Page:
Fabio Conti: I have a question or a comment to make. Uhh, me and Kerry are on this, uh, board for this center, the homeless outreach [unintelligible] and we were meeting two days ago and there’s a board member who works in downtown, and he said that every time somebody in downtown area will sit down even for two minutes the purple guys they come get em up, get em out, and, you know, they keep the area pretty clean. Uh, the too-soft approach that you guys have [unintelligible] the homeless like bringing donuts and giving sandwich and like you know, being nice to them. Do we see any concrete results or do you think we should, you know, toughen up a little bit?
Steve Seyler: Well, I think we are the tough love. We, we, we offer that…we try to build a rapport, so people have a right to sleep there and we have to get em up, and it’s a computation, do you wanna get up, [unintelligible], you don’t wanna get up. So we don’t do that all the time, when we do it kinda softens the blow, and we actually do build a rapport, and that’s what we’re trying to do anyway. I’m open to that conversation, but, um…
Fabio Conti: I think we’re to a point where, you know, we cannot be kind..
Steve Seyler: But if you refuse to get up, we’re gonna ultimately arrest you, but we’re gonna…that’s not our goal. We don’t wanna arrest you. We’re gonna warn you, first we’re gonna start out with a nice approach, hey, please, time to get up, businesses are open, you gotta get off the sidewalk, we’re here to help you, you know, blah blah blah blah, please, please, pretty please, and then, you know, ultimately we’re going to put the cuffs on you and…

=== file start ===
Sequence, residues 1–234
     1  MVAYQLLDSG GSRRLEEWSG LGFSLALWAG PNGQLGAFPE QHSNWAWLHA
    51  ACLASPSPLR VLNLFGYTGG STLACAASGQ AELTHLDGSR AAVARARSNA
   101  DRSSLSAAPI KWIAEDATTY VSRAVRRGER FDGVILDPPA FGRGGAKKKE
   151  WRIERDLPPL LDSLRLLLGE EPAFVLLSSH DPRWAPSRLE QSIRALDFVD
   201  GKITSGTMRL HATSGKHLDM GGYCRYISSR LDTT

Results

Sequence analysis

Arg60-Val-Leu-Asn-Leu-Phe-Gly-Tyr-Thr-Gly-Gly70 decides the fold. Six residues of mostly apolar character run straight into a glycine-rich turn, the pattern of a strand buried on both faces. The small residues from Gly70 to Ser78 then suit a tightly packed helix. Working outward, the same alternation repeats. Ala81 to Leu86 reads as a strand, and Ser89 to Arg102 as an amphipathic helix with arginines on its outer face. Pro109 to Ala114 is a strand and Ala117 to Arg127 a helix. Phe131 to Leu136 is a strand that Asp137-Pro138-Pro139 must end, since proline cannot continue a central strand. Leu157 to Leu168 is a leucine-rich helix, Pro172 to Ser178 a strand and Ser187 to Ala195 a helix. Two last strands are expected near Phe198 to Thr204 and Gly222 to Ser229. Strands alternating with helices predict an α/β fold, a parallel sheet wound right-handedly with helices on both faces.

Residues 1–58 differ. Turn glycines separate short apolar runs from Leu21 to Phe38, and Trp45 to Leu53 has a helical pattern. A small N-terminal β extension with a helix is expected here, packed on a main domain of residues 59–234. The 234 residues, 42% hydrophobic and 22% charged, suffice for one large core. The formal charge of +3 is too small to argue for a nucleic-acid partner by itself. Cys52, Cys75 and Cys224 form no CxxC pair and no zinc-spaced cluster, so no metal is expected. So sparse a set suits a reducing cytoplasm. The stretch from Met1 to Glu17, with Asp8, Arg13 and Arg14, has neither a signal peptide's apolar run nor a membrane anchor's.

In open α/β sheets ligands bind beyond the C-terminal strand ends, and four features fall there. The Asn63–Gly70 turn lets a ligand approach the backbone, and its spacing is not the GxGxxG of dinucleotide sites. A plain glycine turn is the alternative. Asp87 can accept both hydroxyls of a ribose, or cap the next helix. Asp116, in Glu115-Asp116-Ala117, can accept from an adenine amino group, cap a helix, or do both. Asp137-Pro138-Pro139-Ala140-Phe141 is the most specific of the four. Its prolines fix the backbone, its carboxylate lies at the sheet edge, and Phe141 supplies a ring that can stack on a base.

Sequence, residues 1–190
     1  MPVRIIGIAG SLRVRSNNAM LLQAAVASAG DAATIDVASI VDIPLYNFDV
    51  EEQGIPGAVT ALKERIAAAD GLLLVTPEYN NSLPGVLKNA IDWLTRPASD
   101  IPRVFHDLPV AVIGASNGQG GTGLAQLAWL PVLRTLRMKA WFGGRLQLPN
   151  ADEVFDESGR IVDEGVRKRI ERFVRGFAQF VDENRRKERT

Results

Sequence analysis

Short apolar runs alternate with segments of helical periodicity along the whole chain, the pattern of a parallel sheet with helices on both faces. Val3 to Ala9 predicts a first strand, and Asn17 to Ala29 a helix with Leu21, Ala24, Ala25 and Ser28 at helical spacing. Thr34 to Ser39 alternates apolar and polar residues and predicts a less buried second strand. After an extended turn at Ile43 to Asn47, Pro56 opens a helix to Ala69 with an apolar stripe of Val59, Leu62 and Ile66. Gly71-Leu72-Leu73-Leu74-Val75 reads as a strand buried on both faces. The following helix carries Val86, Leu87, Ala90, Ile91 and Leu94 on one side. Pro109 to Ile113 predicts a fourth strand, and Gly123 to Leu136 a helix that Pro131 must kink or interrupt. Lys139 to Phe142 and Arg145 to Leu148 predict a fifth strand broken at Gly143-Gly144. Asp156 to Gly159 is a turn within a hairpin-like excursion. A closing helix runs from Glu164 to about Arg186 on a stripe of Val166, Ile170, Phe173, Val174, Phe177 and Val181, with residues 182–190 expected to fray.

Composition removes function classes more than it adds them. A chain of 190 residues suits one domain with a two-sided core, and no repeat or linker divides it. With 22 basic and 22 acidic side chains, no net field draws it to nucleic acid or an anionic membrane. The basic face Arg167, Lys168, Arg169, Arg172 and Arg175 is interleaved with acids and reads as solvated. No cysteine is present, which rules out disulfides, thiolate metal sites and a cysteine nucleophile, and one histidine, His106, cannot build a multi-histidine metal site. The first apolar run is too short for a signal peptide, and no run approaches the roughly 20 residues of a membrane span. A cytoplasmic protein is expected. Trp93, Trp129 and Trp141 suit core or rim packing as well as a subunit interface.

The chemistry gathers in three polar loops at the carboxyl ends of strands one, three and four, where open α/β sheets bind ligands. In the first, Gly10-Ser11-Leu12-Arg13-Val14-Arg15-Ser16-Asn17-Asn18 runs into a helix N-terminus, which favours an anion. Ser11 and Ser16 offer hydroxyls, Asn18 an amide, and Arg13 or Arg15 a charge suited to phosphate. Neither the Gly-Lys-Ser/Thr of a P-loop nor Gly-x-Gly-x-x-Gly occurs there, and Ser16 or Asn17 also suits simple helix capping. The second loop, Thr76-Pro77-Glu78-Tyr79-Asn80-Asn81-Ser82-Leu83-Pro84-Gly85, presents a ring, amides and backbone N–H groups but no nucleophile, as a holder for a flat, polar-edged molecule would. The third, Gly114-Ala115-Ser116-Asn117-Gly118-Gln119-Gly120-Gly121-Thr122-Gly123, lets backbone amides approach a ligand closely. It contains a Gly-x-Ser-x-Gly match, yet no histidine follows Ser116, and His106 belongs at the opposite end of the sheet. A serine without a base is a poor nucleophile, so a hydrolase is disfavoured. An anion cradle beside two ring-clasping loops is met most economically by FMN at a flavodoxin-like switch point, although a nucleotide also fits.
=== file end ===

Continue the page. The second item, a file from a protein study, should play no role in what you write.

…[Skip ahead to here]
LAPD Officer: Yeah, I just wanna get back to my last point and then we can cut it off. To get back to what Fabio’s talking about, Sir, you don’t have to worry because most of the violent felony assaults that occur, we’re right on top of them, and between our partners at Andrews and LAPD we have, uh, I wanna say about 90% of aggravated assaults that occur in Hollywood, we arrest those people immediately, uh, between ourselves and the BIDs, so, it’s really, the sky’s not falling. I promise you it’s not. Are there people out there with knives? And dangerous weapons? Every once in a while, yeah. Do our officers get involved and use force with them and it results in serious things? Yeah, it does, but it’s very few and far between. It’s nothing like…I was a young policeman here in 2000, 2001, and you could walk up and down this Boulevard. I could buy narcotics as a UC officer, and there were people with guns, [unintelligible], and everything else, and now we’re here, it’s, it’s a beautiful place to live, and so, don’t worry…
Fabio Conti: I don’t think so. I don’t feel safe anymore. I just think that, [unintelligible] you know, homeless people coming to the door, and now I’m really, I’m afraid of them…
…[Skip ahead to here]
Fabio Conti: My bottom line is, beside all these technicalities, my suggestion to Andrews is that the donut policy is just not working. You gotta toughen up.
- There were plenty of silent people and, giving them the benefit of the doubt, we assume they’re sane.
Images of Fabio Conti, Steve Seyler, and the God-damned LA River geese are ©2015 MichaelKohlhaas.org.